De-escalation Scenarios

View these pdfs for guidelines on navigating disruptive behavior in the classroom. Bemidji State University has also made a de-escalation training presentation available to the public.

  1. Remain Calm & Respond Right When A Student Challenges! (Time to Teach, Center for Teacher Effectiveness and CPI)
  2. Coping with Seven Disruptive Personality Types in the Classroom (Magna Publications)
  3. Mitigating Disruptive Behavior in the College Classroom (Arizona State University)
  4. Tips for addressing Rude & Disruptive Classroom Behavior (University of California, Irvine)

Guidelines for Dealing with Disruptive Behavior

  1. State clear behavioral expectations in the beginning of the semester and establish control over the classroom environment.
  2. Cite the Code of Student Conduct as a means of interpretation and enforcement. Recognize the difference between disruption and academic freedom.
  3. Deal with rudeness privately and calmly.
  4. Serve as a role model for your students.
  5. Attempt informal, non-public resolutions whenever possible.
  6. When you must confront behavior publicly, separate the person from the behavior and confront the situation firmly but calmly.
  7. When removing a student from the class for inappropriate behavior, do so only for the remainder of that class period and the following class period. Report the incident to the Student Conduct division of Student Life and Success.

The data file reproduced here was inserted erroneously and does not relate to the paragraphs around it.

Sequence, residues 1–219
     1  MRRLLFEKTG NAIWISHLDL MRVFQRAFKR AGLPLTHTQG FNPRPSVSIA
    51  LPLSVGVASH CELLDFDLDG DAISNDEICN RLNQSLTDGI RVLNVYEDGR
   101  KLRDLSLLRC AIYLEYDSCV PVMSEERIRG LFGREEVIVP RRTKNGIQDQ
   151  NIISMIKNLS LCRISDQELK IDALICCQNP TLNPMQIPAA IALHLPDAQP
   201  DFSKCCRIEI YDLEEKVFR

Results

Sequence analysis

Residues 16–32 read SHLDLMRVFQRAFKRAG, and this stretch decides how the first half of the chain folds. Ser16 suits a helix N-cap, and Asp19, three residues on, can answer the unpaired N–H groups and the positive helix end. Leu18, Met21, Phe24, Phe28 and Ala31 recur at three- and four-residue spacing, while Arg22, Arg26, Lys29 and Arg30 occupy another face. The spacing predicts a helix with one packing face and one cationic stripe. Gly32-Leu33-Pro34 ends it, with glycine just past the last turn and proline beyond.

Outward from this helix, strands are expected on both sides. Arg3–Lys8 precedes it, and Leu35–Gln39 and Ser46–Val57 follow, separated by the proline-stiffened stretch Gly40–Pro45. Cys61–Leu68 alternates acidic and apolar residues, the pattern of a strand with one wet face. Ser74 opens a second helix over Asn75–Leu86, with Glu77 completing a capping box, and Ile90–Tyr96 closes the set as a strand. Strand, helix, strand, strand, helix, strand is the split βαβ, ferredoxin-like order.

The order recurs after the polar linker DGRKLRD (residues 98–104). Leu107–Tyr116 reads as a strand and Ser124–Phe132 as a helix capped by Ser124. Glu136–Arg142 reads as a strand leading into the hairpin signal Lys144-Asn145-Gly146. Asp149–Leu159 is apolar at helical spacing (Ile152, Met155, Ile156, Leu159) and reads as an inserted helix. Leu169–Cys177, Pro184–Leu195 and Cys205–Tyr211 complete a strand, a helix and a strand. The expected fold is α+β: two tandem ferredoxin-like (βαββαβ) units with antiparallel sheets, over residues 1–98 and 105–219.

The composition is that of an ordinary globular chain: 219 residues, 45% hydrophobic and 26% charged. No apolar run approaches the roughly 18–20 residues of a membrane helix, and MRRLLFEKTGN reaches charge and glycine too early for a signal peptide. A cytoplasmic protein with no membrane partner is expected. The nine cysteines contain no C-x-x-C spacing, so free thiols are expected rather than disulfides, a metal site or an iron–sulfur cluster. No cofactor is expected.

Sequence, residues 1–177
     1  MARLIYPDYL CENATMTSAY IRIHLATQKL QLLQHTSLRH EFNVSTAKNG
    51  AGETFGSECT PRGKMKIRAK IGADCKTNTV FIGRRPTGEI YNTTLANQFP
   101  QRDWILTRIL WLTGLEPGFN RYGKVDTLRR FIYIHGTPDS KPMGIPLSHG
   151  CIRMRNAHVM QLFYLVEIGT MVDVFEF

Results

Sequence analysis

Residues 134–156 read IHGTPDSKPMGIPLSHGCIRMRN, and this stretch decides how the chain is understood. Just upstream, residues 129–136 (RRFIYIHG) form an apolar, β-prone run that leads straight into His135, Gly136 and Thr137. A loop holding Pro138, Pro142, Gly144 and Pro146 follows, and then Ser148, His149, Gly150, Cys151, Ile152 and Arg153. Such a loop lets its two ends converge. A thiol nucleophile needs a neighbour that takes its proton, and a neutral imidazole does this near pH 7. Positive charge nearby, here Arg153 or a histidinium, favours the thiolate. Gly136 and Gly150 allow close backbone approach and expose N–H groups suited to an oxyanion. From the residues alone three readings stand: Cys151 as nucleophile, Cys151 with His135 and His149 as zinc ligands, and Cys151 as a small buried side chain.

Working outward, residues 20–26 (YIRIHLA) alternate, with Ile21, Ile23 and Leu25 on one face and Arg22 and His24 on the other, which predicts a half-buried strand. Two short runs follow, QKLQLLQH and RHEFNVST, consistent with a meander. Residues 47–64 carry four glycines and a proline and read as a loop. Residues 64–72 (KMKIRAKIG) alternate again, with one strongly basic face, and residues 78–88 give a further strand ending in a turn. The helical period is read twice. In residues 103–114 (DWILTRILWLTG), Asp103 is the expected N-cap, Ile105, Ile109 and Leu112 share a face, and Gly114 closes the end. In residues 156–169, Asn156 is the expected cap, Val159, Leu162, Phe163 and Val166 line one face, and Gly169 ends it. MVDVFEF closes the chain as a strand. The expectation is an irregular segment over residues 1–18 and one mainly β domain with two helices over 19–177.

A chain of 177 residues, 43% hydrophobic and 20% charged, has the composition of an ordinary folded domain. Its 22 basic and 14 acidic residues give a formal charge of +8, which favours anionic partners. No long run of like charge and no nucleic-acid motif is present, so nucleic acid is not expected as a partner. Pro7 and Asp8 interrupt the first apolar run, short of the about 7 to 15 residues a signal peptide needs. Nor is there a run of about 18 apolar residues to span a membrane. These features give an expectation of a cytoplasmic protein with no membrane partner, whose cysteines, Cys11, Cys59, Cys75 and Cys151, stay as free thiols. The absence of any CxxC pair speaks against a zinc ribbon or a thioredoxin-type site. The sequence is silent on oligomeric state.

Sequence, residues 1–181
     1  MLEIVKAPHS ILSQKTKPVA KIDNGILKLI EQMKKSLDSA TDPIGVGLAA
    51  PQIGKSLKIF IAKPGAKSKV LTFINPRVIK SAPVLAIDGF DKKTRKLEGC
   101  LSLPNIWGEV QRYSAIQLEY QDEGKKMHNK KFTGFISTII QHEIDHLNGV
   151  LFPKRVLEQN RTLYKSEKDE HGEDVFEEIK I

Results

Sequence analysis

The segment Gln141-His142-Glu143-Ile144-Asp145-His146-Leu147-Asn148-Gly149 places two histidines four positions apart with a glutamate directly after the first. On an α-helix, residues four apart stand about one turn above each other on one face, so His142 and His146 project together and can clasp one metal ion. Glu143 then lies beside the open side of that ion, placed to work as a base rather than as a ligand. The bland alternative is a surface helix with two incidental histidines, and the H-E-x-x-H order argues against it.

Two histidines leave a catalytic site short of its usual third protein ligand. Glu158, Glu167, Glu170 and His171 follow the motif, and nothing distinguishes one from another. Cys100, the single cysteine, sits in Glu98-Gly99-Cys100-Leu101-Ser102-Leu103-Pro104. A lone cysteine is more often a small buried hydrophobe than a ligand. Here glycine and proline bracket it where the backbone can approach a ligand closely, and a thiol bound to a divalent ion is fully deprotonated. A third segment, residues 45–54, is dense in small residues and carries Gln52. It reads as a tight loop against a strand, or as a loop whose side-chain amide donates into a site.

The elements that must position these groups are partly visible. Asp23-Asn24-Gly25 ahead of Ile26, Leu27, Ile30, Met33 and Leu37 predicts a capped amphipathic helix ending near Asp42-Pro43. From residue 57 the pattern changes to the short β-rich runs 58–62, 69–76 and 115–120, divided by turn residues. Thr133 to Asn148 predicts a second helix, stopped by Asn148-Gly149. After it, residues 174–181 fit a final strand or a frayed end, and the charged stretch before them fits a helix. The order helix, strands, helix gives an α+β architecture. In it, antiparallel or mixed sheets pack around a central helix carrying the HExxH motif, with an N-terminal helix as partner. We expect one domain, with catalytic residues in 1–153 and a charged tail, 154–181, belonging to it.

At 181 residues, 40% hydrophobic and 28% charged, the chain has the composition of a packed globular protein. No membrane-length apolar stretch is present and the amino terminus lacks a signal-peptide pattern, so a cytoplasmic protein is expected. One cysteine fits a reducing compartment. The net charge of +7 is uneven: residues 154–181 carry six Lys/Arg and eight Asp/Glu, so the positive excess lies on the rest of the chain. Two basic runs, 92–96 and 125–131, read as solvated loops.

8. The Student Conduct division of Student Life and Success will engage the student in the campus student conduct process.
  9. Consult with your department chairperson/division chair and the Student Conduct division of Student Life and Success whenever disruptions occur, even if they seem minor. No action need be taken immediately, but it is helpful to have all incidents recorded.
  10. In the event of serious disruptions, contact the Department of Public Safety and provide a full written account of the incident.
  11. Remember that the Student Conduct division of Student Life and Success has several different methods of dealing with disruptive behavior, depending on the seriousness of the situation and your own preferences. You may contact the Student Conduct division of Student Life and Success at (218) 755-2075 or emailing at